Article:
After establishing the fact of Christ’s resurrection, Paul tells us that Jesus is “the firstfruits of those who have fallen asleep.” Firstfruits is an Old Testament type of word, a word that goes back to the time when the first crops harvested represented a reason for thanksgiving. During the Jewish Feast of Harvest the priest would wave a sheaf of grain before the Lord, signifying that the harvest represents a gift from God that belongs entirely to God. And the one small sheaf held by the priest signified that God would provide an even greater harvest – entirely out of His loving kindness and goodness.

So when Paul refers to Jesus as “the firstfruits of those who have fallen asleep,” he is talking about the relationship between Christ and His believers. Paul is saying that Christ’s resurrection points to many, many more resurrections that will follow. When Jesus was raised from the dead, it was God’s assurance to us that we shall also be raised from the dead as part of that future harvest of all believers.

Let me read verse 20 to you again. “But in fact, Christ has been raised from the dead, the firstfruits of those who have fallen asleep.” Here Paul makes a subtle but tremendously important distinction in how the Christian views death. Although Paul specifically states that Jesus rose from the dead, he says that those who will rise after Christ’s resurrection have “fallen asleep.” From what I can tell, Martin Luther may have been the first one to pick up on this distinction, and since he describes it far better than I can, I’d like to read you his explanation:

“For what was a true and eternal death prior to this and without Christ is now, since Christ has passed from death to life and has arisen, no longer death; now it has become merely a sleep. And so the Christians who lie in the ground are no longer called dead, but sleepers, people who will surely also arise again. For when we say that people are asleep, we refer to those who are lying down but will wake up and rise again, not those who are lying down bereft of all hope of rising again. Of the latter we do not say that they are sleeping but that they are inanimate corpses. Therefore by that very word ‘asleep’ Scripture indicates the future resurrection.”

This is another example of where nonbelievers will tell us that Christianity doesn’t make sense. After all, we may go to a funeral home and politely say that the dearly departed “looks like he’s fallen asleep,” but we know differently, don’t we? Dead is dead. You can talk and plead and scream and cry all you want, but that person in the casket is never going to wake up. He’s dead and he’s going to stay dead. Anything else is just crazy talk. Anything else just doesn’t make sense.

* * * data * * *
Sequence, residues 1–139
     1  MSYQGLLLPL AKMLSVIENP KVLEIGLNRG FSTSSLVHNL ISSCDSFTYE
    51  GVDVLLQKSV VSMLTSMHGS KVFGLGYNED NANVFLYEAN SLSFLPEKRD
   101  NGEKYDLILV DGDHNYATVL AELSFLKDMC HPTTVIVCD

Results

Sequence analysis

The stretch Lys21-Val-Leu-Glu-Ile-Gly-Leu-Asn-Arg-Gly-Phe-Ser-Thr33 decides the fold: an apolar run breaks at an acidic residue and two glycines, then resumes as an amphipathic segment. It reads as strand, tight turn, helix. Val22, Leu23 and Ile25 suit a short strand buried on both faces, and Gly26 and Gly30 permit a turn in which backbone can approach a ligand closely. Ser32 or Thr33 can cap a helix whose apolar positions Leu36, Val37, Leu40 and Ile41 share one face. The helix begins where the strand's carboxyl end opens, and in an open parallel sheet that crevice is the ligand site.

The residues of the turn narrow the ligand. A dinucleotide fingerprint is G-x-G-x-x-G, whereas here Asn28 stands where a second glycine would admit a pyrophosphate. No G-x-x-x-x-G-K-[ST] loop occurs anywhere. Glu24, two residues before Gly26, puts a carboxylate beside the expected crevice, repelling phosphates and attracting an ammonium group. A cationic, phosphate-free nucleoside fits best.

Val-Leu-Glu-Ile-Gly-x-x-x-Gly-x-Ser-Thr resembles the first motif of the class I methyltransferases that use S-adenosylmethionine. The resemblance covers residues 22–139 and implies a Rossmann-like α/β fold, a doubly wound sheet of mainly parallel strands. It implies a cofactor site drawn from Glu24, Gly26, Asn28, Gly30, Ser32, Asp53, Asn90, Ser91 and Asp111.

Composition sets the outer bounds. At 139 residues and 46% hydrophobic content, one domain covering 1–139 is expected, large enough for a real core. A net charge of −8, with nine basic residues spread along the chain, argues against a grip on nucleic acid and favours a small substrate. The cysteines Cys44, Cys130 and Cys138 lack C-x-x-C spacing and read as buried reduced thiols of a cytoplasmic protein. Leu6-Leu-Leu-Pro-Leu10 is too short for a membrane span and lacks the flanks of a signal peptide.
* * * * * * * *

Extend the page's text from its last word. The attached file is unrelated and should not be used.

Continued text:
Here’s something else about this whole resurrection idea that just doesn’t make sense. What, exactly, does a resurrected body look like? My eyes are pretty bad – so will I still have to wear glasses after my body is resurrected? Will I still be bald? A friend of mine back in Fort Wayne lost two fingers in an accident with a power saw – will his resurrected body still be missing those fingers? Will our resurrected bodies be put back together just the way they were before we died?

Well, apparently not. In Philippians chapter 3 Paul tells the Corinthians that our resurrected bodies will be different. He says that this resurrected body will by physical, but also be spiritual. He says that it will be imperishable, that it will be raised in glory, that it will be raised in power. Paul even writes that Christ will transform our lowly body to be like his glorious body.

I have to admit that all of this sounds really good. I like the idea of having a perfect body – no glasses, no paunch around the middle, no aches and pains, maybe even some hair on my head again. I like the idea of having a body that is perfect and immortal, that can never wear out, can never grow old, can never have high blood pressure – that can never ever die. But since I do wear glasses and I am too heavy and I don’t have much hair on my head, it’s kinda hard to imagine how this body – even a resurrected body – could ever be perfect.

We also know that our resurrected bodies will still be recognizable as us. After Jesus’ resurrection, His glorified body was fully, entirely recognizable – no one who saw him had the slightest doubt that they were actually seeing Jesus. The same will be true of us. Our resurrected bodies will be perfect but will still look like us. Just try to figure that one out.

And here’s another thing that doesn’t make sense. When you stop and think about it – when you genuinely, seriously think about it – why would God want to bring sinners back to life anyway? Why would He even think about raising our bodies from the dead? Where’s the sense in that? Haven’t we caused God enough trouble already? After all, we’re sinners. We do sinful things and think sinful thoughts all of the time. Each and every one of our sins is a rebellion against the God who created us. If we really believe Paul’s words from Romans chapter 6 that the wages of sin is death or his words from Romans chapter 3 that all have sinned and fall short of the glory of God or the words from 1st John chapter 1 that if we claim to be without sin, we deceive ourselves and the truth is not in us – if we truly believe these and so many other words of Scripture, then why would an almighty, all-powerful, all-knowing God ever want to raise us from the dead? Why?